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The Three Standout Moments From Stephen Cluxton’s Remarkable Dublin Career

On Saturday, Stephen Cluxton made his 89th appearance for Dublin in championship football and in doing so broke the record for the most championship appearances of all time.

Given the commitment and hardship associated with modern day inter-county football that’s a pretty impressive accolade to have on your CV. This is all the more impressive considering he is part of what may yet prove to be the most successful team of all time.

Here, we have a look back through his career and pick out the three stand-out moments from the Parnells and Dublin number one.


2002 – Cluxton’s breakthrough year

In 2002, Dublin had not won a Leinster title since 1995 and had been playing third fiddle in the intervening period within the province, behind Kildare and Meath.

The pair had made four All-Ireland final appearances between them, with Meath winning two. The Royals also claimed three provincial crowns to the Lilywhites two in the same period in the years leading up to Cluxton’s arrival in the side.

It was in this year that the Parnells man nailed down a starting position in the Dublin side, and he played a pivotal role in Dublin’s Leinster semi-final win against Meath, which paved the way for Dublin to claim their first provincial crown in seven years in the Leinster final against Kildare.

It would be 2005 before Dublin retained their provincial crown and 2011 before they made the break through at All-Ireland level.

I believe that Cluxton securing his place on the panel helped get the silverware monkey off Dublin’s back, which sowed the seeds for more silverware over the course of the next decade and a half.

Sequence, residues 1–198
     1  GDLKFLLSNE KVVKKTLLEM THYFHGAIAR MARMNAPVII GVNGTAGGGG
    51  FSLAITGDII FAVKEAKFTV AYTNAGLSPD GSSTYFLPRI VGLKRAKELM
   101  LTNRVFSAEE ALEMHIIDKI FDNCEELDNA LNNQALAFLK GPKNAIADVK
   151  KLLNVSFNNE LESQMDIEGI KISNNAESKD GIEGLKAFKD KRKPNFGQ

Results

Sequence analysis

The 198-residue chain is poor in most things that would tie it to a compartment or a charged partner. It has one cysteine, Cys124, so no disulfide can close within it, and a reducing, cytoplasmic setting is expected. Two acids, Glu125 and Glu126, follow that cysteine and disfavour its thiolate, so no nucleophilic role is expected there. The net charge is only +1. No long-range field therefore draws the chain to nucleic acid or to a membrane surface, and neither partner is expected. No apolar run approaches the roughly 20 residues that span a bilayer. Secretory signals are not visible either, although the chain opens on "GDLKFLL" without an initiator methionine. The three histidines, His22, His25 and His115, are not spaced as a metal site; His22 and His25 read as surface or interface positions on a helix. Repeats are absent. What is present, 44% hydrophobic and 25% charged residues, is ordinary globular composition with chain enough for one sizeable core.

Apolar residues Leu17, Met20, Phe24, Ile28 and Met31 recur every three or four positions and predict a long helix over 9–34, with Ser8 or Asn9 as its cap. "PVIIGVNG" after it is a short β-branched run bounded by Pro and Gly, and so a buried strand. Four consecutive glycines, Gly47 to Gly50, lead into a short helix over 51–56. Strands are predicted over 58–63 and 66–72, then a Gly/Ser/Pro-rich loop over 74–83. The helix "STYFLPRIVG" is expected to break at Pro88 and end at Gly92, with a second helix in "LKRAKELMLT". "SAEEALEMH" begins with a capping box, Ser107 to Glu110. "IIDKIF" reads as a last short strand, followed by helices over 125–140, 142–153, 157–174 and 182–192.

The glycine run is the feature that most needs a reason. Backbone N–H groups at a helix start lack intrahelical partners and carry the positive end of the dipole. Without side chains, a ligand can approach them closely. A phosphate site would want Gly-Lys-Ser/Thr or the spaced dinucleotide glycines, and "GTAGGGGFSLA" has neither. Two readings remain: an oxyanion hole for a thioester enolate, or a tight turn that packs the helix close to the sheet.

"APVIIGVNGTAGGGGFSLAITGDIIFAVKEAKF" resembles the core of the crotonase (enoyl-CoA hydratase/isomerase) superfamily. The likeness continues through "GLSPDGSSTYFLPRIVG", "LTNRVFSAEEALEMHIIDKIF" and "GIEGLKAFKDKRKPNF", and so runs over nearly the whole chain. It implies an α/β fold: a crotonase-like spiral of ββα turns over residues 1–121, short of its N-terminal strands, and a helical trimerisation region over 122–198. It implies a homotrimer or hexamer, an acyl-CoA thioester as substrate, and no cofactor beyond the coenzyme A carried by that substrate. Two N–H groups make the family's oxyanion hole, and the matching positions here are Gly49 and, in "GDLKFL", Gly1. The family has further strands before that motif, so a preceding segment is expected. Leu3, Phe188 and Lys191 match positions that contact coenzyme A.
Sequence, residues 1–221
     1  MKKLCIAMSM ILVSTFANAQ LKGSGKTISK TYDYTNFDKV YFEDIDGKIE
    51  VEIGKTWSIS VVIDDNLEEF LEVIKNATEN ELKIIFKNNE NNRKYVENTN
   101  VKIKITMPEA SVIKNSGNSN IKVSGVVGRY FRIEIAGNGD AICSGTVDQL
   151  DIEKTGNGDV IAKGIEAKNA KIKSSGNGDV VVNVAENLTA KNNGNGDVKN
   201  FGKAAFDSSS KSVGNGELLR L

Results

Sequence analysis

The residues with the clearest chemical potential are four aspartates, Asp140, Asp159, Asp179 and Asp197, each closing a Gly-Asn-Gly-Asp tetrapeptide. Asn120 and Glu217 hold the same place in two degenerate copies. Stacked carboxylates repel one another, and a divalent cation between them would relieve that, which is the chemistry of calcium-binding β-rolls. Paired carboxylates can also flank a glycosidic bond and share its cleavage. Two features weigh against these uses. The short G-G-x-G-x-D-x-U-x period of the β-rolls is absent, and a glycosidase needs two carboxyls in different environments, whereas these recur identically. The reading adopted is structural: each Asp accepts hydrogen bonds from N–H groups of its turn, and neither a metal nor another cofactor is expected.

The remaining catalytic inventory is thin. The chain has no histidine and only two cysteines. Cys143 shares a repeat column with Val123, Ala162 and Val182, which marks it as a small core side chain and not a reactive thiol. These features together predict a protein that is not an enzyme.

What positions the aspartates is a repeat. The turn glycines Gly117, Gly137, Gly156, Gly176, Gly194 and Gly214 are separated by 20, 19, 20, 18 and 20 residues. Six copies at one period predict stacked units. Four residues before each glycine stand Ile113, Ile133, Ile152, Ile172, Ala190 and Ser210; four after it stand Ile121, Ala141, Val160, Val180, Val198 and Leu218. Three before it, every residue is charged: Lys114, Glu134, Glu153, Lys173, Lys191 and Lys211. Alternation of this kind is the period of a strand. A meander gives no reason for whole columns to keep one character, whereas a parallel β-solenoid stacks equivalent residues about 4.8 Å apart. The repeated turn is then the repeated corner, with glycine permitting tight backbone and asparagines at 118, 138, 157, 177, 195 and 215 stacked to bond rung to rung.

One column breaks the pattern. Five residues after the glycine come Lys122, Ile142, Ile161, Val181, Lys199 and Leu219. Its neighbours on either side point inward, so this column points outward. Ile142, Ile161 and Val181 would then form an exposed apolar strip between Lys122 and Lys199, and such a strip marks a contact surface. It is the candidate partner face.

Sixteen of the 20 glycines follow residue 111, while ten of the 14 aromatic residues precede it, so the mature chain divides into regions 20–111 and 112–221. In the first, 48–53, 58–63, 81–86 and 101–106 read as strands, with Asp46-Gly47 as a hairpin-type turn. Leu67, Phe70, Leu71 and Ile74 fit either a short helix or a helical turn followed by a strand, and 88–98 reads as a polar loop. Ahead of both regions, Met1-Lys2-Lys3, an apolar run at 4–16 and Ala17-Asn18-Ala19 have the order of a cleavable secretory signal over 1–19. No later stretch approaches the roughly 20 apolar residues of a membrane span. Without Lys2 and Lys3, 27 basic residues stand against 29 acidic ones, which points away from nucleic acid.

2011 All-Ireland final – injury time point

Put yourself in this situation. You’re playing in the All-Ireland final for Dublin against Kerry, your biggest rivals. You haven’t won it in 16 years and with time virtually up you have a chance to kick the winning score into Hill 16.

This is your moment to sew yourself into the fabric of football culture in not just Dublin but the entire country.

Pressure like this is enough to give most men an aneurysm, but not Cluxton.

He steps up and like with the grace of Jack Nicklaus chipping balls onto a practice green gracefully strikes it over the bar, to end the famine and send the Hill faithful into a state of delirium.


2016 All-Ireland final – third All-Ireland title as captain

To lift the Sam Maguire on the steps of the Hogan on the third Sunday in September is every young boy’s fantasy.

To do it twice is stuff of legend, but to do it a third time is something most young boys and grown men couldn’t imagine in their wildest dreams.

But even though a dogged Mayo side pushed them through over 140 minutes, Cluxton and Co held on to win a fourth All-Ireland in six years, giving him the honour of being the first man in the history off the GAA to raise the Sam Maguire for the third time as captain.

What’s even more extraordinary about it is that he has the opportunity to extend that to fourth time in September, if things go well for the blue behemoth that is this Dublin side.

Michael Keaveny, Pundit Arena


Make sure to check out the latest episode of The 16th Man, where we question if the Super 8s is already doomed, hear from Mickey Harte and Jim Gavin after their quarter-final victories, and discuss Galway’s thrilling win over Tipperary.


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Author: The PA Team

This article was written by a member of The PA Team.